“I keep getting headaches,” I finally told my doctor my sophomore year of college.

           “How badly?” the doctor asked.

           “I usually have to go to sleep the rest of the day when I get it.”

           She tapped my knees, waved her finger in front of my eyes.

           “Any vision issues?” she asked.

           “Sometimes, it gets blurry,” I said. It was true: when the pain is strong, a darkness falls over whichever eye is worse.

           The doctor finally laughed and told me with my descriptions and debilitations, these were migraines. I had been with them for ten years without knowing.

           After this, I discovered there was more to my condition.

           I was having a conversation with my roommate and I suddenly felt like I could walk away from it. I looked at her: I had lived with her for two years, known her for longer, and she almost felt like an imposter. My soul floated inside my skin as she spoke. I told my doctor and he sent me to an EEG specialist who put sticky pads on my head and soothed me into a state between sleeping and waking to determine whether or not I was having seizures.

           Migraine sufferers commonly experience visual auras: stars or rings of light in their eyes. But my aura causes the world around me to seem like a dream. Conversations I have with people seem so unreal that it feels like I can walk away without consequence. Time passes by in a blink of an eye. If I put together dough for bread in the evening, two hours later it will feel like I did it only five minutes prior.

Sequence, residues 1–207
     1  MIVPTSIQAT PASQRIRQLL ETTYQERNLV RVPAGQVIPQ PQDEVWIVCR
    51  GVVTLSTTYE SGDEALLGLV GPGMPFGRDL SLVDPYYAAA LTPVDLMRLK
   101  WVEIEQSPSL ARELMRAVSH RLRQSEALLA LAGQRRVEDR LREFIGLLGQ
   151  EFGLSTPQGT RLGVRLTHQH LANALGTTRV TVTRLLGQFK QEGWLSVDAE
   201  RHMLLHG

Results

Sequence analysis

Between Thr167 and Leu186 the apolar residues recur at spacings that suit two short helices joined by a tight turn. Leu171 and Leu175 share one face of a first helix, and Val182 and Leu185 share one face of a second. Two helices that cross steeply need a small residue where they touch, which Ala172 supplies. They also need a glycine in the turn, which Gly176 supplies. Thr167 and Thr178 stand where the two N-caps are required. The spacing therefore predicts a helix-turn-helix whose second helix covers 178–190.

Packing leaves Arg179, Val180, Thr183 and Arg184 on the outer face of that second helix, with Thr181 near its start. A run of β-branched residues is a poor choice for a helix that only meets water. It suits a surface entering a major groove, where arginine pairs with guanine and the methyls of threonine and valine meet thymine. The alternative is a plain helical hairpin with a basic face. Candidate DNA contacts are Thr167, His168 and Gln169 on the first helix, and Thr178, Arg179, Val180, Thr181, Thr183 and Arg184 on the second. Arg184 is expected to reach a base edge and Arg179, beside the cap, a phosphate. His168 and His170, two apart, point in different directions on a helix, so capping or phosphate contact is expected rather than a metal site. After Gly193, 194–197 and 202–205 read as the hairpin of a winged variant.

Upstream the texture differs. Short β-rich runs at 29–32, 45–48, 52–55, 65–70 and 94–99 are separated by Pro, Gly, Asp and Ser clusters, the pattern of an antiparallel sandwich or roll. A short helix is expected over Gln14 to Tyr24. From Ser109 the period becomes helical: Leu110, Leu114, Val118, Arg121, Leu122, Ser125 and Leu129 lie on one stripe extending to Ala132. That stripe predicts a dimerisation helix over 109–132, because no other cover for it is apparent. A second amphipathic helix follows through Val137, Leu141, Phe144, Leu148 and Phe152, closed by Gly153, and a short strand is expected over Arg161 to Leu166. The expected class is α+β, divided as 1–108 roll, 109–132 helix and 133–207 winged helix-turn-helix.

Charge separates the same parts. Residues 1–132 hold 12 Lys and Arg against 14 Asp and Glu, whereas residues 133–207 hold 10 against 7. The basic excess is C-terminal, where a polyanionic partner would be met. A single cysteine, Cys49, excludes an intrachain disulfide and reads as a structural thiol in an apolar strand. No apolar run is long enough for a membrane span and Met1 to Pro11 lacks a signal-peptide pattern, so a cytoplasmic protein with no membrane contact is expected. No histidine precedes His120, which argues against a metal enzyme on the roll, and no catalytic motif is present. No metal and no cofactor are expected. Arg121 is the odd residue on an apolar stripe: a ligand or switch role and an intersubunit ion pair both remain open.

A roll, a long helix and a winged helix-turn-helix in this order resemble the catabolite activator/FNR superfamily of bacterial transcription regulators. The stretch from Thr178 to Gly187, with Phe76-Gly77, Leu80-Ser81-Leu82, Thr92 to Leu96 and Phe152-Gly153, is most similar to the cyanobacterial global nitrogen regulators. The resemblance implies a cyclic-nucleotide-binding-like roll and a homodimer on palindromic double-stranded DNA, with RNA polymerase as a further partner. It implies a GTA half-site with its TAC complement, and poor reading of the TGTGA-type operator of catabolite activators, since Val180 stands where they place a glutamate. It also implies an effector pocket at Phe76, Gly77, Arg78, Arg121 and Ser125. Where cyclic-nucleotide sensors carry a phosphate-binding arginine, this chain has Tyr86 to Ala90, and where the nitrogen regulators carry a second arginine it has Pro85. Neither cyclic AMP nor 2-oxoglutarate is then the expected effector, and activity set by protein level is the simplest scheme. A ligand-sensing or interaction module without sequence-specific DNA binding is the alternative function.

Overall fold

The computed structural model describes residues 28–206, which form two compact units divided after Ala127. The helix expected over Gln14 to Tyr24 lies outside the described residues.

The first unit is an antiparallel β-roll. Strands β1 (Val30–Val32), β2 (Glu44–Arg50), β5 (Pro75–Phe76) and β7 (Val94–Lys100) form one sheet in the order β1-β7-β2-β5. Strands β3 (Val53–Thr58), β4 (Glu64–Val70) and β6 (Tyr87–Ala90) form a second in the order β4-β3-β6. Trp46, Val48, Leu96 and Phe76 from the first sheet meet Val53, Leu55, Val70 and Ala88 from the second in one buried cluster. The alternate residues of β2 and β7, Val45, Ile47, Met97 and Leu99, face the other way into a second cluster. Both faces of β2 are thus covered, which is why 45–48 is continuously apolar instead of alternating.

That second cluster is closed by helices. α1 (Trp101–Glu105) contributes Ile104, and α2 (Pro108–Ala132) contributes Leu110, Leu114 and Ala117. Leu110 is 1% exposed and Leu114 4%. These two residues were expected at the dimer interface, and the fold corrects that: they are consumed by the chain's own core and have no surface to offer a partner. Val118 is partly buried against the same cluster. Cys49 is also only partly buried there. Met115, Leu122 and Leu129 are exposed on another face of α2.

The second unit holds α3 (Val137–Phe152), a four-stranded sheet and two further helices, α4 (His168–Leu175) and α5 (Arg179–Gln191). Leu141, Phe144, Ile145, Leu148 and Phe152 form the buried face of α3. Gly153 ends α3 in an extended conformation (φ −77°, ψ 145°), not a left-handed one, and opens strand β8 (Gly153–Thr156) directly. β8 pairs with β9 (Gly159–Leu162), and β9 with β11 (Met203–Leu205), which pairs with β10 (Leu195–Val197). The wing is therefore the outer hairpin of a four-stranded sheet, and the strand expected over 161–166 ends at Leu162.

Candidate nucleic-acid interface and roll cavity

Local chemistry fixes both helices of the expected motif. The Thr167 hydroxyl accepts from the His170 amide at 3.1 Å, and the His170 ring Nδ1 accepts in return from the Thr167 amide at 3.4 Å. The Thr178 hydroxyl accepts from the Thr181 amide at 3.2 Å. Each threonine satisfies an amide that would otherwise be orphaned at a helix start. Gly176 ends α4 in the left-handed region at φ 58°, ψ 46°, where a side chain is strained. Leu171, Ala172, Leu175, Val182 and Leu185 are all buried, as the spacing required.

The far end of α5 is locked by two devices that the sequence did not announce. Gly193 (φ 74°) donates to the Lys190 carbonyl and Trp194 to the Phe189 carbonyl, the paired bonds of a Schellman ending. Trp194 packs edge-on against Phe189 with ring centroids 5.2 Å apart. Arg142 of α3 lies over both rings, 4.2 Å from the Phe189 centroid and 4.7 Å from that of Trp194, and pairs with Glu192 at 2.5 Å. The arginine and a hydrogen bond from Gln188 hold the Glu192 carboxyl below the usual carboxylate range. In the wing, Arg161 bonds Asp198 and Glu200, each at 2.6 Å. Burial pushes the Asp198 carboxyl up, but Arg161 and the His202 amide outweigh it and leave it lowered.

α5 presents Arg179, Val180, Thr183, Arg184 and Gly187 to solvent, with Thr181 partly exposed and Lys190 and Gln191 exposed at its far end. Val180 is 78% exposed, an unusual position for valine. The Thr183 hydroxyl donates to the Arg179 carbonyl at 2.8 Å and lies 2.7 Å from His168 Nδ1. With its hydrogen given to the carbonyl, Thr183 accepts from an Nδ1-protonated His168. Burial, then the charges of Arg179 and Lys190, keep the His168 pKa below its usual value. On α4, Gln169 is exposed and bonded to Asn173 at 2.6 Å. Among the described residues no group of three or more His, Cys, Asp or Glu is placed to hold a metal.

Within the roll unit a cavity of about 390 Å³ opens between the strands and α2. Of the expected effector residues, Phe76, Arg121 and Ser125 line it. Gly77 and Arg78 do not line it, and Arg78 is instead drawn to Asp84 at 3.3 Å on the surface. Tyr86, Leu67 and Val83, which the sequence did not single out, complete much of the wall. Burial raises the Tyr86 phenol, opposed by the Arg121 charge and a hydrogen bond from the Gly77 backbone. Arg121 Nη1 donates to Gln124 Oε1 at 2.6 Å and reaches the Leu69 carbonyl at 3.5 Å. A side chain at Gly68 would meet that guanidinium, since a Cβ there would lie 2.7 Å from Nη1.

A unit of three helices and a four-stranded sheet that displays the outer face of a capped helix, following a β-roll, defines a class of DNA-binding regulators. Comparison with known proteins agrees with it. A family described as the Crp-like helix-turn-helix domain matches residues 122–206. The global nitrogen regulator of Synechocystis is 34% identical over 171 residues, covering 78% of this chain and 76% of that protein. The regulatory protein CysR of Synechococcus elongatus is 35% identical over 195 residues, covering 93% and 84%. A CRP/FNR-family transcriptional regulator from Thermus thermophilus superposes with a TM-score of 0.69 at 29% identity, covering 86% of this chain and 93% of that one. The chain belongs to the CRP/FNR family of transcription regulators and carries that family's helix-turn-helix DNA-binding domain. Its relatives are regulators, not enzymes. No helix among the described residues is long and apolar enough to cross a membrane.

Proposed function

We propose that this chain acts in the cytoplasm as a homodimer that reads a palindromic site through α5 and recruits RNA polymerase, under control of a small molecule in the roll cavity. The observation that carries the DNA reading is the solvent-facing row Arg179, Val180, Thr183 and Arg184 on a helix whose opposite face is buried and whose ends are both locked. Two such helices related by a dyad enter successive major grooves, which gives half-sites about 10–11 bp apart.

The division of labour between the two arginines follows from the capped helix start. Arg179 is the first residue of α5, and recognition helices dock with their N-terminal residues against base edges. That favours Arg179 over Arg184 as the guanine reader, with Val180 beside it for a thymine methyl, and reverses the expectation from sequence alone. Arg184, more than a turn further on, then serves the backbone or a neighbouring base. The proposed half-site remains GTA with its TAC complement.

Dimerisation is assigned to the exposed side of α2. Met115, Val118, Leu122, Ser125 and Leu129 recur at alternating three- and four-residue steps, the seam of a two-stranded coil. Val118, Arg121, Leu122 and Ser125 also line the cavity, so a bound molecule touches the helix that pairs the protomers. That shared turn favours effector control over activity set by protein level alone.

Either of these feelings, the dissociation or dazed aching, are my warnings. When I have my warnings my body reacts: I have to eat. I have to drink. I have to do something to avoid the pain. Food is supposed to be crafted and thoughtful. It is supposed to be patient on both sides: the chefs and creators with fresh ingredients: the salted water to boil, cut vegetables, a chicken carcass of meat and bone simmering to make stock. Endless patience amounts to energy and magic to create meals that deliver that magic back into the world.